Blood test reveals more than 20 types of cancer

Blood test reveals more than 20 types of cancer
A new blood test for cancer has shown great promise in a new study, with the ability to detect more than 20 types of cancer
A new blood test for cancer has shown great promise in a new study, with the ability to detect more than 20 types of cancer
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A new blood test for cancer has shown great promise in a new study, with the ability to detect more than 20 types of cancer
A new blood test for cancer has shown great promise in a new study, with the ability to detect more than 20 types of cancer

New technologies that enable doctors to detect key biomarkers at earlier stages promise the change the face of cancer treatment, and blood testing is one area where some exciting progress is being made. The latest advance comes from scientists at the Dana-Farber Cancer Institute, who have published a study describing a new type of blood test that can detect more than 20 types of cancer, and even trace them back to their source.

There are a number of cancer-detecting blood tests in development around the world, which are designed to detect different kinds of biomarkers as early indicators of the disease. Some search for elevated levels of certain proteins, some for damaged DNA in white blood cells and others for irregular platelet RNA profiles, with differing degrees of success.

The new test was developed by scientists at private company Grail Inc. and was investigated by scientists from Harvard University’s Dana-Farber Cancer Institute. The technology centers on the detection of methyl groups, which are small units of chemicals that can attach themselves to DNA and influence which genes are switched on or off.

When these patterns of on-and-off gene expression differ from the norm, they can be indicative of cancer, as we have seen demonstrated through previous studies on cancer-detection blood tests. The newly published study, however, does offer some particularly impressive and wide-ranging results.

The researchers applied the sequencing technology that scans for these irregularities to almost 3,600 blood samples, drawn from both healthy subjects and patients suffering from more than 20 types of cancer. It indicated the presence of the cancers with 99.4 percent accuracy, meaning that just 0.6 percent were incorrect diagnoses of healthy subjects.

But the test has the potential to go further than that. According to the investigators, the technology was able to reveal high-mortality cancers with a 76 percent accuracy, and among those, reveal stage one cancers with 32 percent accuracy, stage two cancers with 76 percent accuracy and stage three cancers with 85 percent accuracy.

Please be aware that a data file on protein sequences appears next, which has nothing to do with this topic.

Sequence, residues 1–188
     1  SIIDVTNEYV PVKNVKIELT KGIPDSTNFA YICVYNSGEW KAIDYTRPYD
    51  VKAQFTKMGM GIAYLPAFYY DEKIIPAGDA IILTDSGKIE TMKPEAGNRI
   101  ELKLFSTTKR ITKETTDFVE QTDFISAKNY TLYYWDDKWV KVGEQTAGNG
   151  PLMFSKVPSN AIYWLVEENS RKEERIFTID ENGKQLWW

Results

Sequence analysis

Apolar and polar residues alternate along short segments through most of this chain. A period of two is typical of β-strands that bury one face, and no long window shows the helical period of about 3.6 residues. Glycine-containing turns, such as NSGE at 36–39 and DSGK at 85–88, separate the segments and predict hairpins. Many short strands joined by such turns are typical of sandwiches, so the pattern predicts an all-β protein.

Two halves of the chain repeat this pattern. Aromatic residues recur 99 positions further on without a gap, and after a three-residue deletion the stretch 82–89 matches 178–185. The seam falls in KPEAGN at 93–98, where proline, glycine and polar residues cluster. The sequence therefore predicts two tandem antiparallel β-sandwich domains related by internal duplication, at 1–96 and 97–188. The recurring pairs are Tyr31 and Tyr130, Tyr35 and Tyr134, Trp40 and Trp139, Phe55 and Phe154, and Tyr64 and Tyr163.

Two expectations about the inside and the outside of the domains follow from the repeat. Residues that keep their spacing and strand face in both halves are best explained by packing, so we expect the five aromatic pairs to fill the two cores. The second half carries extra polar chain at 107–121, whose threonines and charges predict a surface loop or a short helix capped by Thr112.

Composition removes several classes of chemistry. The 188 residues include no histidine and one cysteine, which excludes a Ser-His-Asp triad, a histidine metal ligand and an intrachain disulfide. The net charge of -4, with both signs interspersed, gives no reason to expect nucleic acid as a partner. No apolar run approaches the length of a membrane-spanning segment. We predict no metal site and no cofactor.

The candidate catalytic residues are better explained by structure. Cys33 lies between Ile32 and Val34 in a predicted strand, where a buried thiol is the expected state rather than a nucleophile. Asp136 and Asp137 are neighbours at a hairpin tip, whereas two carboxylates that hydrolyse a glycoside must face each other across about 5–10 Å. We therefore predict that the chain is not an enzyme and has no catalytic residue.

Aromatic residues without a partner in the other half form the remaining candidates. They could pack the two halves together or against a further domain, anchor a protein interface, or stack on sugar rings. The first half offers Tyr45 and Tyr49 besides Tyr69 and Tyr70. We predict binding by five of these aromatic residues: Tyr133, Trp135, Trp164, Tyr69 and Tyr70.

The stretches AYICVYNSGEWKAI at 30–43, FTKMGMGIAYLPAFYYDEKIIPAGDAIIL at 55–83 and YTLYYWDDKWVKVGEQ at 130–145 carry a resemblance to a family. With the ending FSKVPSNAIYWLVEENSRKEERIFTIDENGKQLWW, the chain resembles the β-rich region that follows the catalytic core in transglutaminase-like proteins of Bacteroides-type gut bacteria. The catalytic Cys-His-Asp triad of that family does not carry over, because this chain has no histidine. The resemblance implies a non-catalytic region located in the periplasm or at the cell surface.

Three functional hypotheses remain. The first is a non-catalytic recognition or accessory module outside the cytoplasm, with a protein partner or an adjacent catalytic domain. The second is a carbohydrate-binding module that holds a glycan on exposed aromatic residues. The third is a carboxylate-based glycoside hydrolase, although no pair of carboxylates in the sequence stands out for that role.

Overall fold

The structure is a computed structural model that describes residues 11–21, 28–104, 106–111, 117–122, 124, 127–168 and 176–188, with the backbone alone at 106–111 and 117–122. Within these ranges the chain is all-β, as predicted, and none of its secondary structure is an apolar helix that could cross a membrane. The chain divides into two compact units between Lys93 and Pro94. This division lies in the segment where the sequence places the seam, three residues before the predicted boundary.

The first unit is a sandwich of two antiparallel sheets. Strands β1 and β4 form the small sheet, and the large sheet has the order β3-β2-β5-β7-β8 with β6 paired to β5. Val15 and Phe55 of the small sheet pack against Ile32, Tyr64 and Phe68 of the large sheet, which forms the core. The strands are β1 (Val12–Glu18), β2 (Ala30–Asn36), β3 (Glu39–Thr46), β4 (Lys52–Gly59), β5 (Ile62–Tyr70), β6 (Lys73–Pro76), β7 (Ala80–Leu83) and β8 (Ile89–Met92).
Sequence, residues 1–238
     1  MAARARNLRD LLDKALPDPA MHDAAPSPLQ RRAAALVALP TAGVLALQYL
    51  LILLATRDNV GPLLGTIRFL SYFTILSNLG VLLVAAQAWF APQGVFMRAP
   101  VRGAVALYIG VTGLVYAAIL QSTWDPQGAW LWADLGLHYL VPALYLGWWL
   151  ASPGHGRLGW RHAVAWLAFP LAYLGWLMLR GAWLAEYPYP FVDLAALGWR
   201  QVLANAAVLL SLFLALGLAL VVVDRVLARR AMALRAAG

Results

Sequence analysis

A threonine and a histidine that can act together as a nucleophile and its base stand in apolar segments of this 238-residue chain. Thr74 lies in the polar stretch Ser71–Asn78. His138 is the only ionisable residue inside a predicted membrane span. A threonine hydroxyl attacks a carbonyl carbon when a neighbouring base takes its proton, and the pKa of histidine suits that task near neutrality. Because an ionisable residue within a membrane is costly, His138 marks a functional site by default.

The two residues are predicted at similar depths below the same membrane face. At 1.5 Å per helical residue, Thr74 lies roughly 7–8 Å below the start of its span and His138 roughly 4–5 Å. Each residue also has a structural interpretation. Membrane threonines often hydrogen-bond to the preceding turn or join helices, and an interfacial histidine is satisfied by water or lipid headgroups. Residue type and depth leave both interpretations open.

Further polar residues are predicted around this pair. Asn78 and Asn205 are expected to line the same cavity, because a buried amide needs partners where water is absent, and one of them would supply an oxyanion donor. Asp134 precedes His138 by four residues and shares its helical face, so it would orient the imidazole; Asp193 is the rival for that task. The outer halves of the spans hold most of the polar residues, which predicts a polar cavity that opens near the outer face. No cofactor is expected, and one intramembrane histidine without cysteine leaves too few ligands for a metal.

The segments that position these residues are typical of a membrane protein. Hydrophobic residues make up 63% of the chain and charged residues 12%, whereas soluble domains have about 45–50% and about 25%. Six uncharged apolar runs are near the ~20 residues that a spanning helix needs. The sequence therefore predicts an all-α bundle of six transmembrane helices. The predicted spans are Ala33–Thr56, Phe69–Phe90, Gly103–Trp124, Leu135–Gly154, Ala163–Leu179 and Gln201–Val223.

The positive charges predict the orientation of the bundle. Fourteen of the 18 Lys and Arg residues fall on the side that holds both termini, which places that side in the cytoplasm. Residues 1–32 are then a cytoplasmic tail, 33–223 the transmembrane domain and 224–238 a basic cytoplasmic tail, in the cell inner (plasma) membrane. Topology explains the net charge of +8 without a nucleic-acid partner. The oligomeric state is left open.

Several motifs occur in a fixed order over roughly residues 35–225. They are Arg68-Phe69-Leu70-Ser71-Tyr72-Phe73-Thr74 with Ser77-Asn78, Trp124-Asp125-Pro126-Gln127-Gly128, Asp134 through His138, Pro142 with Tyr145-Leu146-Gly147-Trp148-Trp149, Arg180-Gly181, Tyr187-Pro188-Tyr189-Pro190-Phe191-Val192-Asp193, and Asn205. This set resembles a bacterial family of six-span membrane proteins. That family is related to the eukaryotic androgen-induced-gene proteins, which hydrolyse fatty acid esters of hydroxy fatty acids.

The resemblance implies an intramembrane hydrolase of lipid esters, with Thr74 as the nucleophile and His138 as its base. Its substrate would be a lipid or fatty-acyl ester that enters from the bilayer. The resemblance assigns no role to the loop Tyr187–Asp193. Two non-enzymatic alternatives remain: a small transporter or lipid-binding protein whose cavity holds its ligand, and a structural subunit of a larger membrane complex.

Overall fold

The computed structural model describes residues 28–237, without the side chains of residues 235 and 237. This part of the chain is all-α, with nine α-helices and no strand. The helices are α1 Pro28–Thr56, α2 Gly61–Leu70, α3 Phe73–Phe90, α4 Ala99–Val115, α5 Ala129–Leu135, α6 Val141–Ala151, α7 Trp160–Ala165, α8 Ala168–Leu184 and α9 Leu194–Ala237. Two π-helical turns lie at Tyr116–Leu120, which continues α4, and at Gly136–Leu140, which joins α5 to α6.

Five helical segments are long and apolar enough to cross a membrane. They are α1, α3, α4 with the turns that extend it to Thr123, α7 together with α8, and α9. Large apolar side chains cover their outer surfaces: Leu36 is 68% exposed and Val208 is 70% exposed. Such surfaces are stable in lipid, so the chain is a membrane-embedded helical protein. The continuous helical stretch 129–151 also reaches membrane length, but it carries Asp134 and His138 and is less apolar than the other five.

Stage four cancers were detected with 93 percent accuracy, while 89 percent of the time, the test was able to correctly identify the organ or tissue where the cancer originated. The cancer types the test was able to reveal include breast, gall bladder, head, neck, lymphoid, lung, pancreatic and leukemia.

“Our previous work indicated that methylation-based assays outperform traditional DNA-sequencing approaches to detecting multiple forms of cancer in blood samples,” says the study’s lead author, Geoffrey Oxnard, MD, of Dana-Farber. “The results of the new study demonstrate that such assays are a feasible way of screening people for cancer.”

The team presented its results at the European Society for Medical Oncology (ESMO) 2019 Congress over the weekend.

Source: Dana-Farber Cancer Institute

Brian M
Pretty good with only a 0.6% incorrect diagnosis.
Unfortunately with the high-mortality cancers a 32% accuracy with stage one is perhaps not so good where it really matters for early treatment

Unfortunately no break down on the error rates as false positives or false negatives - both bad from a patients perspective.
I have to ask. How can it be 99.4% accurate for 20 types of cancer , if it was only 32% to 85% accurate for cancer at different stages? There is a little too much hype here. Hopefully, they develop a dependable test.
I'm excited for a day when cancer can be detected early and killed easily.
I was at the Dermatologist the other day when she cleared up a mistake in my understanding of cancer. I had been noting pain and discomfort with some skin anomalies when she stated simply that cancer does not cause pain or irritation. Whoa! I've been reacting to simple keratoses. That said, I think this blood test for cancer is super important and hope it comes to fruition soon, so everyone can possibly discover any cancer in their bodies before it gets to the point it would kill them. Now, why don't we get smart and pull some folks from minor cancer works, put them on this, and get this one prepped and delivered to the public soonest! // Nobody, it probably discovered cancer but misdiagnosed the actual type, leading to the discrepancy in accuracy reported.
99.4% sounds great, but if you're doing large population screenings it could still be a problem. For every million healthy people, 6,000 will be wrongly told they have cancer. They'll be subjected to additional procedures and biopsies, likely put lives and careers on hold etc. Some fraction of that 6,000 will end up dead as a result. (Overall, the public health tradeoff may be positive, especially if treatment saves or extends lives, but it's still rough on those false positives. And since cancer is still pretty rare on, say, a yearly basis, frequent screening could have false positive numbers comparable to accurate diagnoses.)